Yes Bank Crisis

14th March – Yes Bank Crisis

Should distressed private banks be saved by PSBs?

A day after the government imposed a moratorium to tackle the Yes Bank crisis, the Reserve Bank of India announced a draft restructuring plan that entails the State Bank of India acquiring a 49% stake in the private lender.

Why they should be saved?

  • As per the Financial Stability Report of the RBI, the level of inter-connectedness within the financial services ecosystem is deep. While after the global financial crisis, the idea was always to have no bank which is too big to fail, the reality is the inter-connectedness between banks themselves, banks and the rest of the financial sector ecosystem, including mutual funds, insurance companies, non-banking finance companies (NBFCs), etc.
  • The systemically important banks are banks which are tracked more carefully and which are also subject to higher capital requirements under Basel III. But that is not to say that banks which are relatively smaller in size, such as Yes Bank, do not pose systemic risk and therefore, should not be rescued.
  • In practice, the threshold for a bank to be considered large enough to constitute a risk to the system is much lower. So characterising a bank as systemically important has more to do with tracking particular banks more carefully. That does not mean that there is no case for a rescue with banks of a much lower size. Even a bank with a size of about ₹2,00,000 crore, if it were to fail today, would need to be rescued. And that way it does constitute a systemic risk.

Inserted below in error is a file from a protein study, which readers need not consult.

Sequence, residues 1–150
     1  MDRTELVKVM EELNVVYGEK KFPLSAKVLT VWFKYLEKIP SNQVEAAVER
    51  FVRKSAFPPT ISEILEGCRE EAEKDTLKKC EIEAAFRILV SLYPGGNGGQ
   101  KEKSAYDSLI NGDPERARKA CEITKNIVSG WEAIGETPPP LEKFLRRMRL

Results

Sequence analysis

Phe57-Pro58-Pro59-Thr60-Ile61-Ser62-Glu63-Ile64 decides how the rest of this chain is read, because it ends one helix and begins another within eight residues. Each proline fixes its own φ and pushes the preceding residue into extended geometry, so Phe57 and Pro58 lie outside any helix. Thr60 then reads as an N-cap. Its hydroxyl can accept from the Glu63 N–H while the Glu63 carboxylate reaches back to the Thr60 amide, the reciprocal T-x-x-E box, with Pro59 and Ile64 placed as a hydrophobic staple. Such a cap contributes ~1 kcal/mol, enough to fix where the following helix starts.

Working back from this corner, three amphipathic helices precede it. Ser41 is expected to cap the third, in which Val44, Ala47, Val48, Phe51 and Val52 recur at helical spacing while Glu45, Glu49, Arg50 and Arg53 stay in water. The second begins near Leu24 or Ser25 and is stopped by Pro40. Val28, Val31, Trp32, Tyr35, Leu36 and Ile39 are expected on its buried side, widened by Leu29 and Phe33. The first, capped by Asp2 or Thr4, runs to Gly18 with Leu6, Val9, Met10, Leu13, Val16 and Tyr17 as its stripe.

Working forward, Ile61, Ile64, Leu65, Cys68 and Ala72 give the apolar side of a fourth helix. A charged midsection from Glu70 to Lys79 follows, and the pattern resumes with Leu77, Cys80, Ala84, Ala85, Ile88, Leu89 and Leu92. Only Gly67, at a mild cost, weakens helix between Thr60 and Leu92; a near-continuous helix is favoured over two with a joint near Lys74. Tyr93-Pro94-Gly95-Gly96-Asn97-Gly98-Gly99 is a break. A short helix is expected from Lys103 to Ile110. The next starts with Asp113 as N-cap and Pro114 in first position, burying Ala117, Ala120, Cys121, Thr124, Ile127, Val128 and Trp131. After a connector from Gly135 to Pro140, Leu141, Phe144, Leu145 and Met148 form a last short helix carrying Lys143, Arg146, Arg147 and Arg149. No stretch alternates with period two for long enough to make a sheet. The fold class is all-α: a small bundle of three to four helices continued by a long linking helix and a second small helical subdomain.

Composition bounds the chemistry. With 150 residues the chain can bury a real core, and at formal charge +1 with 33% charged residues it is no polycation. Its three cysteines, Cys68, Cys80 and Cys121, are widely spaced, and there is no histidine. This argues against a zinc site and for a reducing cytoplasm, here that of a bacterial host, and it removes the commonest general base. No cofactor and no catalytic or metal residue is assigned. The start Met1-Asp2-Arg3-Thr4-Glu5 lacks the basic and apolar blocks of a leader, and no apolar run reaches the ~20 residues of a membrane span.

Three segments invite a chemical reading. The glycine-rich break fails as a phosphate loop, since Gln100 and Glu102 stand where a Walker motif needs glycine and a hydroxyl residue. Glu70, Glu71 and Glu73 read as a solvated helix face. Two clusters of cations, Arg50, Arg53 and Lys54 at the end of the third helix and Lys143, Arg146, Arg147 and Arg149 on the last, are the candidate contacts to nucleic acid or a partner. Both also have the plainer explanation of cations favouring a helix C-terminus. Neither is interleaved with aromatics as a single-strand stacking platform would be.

What should be done?

  • It is to be noted that as per the Financial Stability Report of the RBI, as of September 2019, the gross NPAs of the banking system was 9.3% of advances. There are analysts who say that if we include the forbearance available to SMEs and to some real estate assets, besides the fact that some NBFCs were not classified as non-performing in September, even though they subsequently have [become] non-performing like DHFL, the actual number could be higher than 9.3%. Hence, there is a need to come up with right numbers to build trust in the financial ecosystem.
  • The first option should always be to have a private investor come in and infuse his capital into the private bank. 
  • The next option then, the straightforward option, would be for the government to simply nationalise the stressed bank. It happened during the the global financial crisis with innumerable private banks all over the world.
  • It is not good for a bank to have to step in and practically as a last resort have to rescue another bank. Considering the fact that as per the Financial Stability Report, public sector banks themselves have 12.7% of gross non-performing assets (NPAs) as of September 2019.
  • Government of Maharashtra has decided to not maintain any government bank account with a private bank. Such information asymmetries must be avoided and there has to be coordination between the Central government, the State governments and the RBI to bring about some calm in the sector.

SourceThe Hindu

QUESTION – Should distressed private banks be saved by Public Sector Banks?

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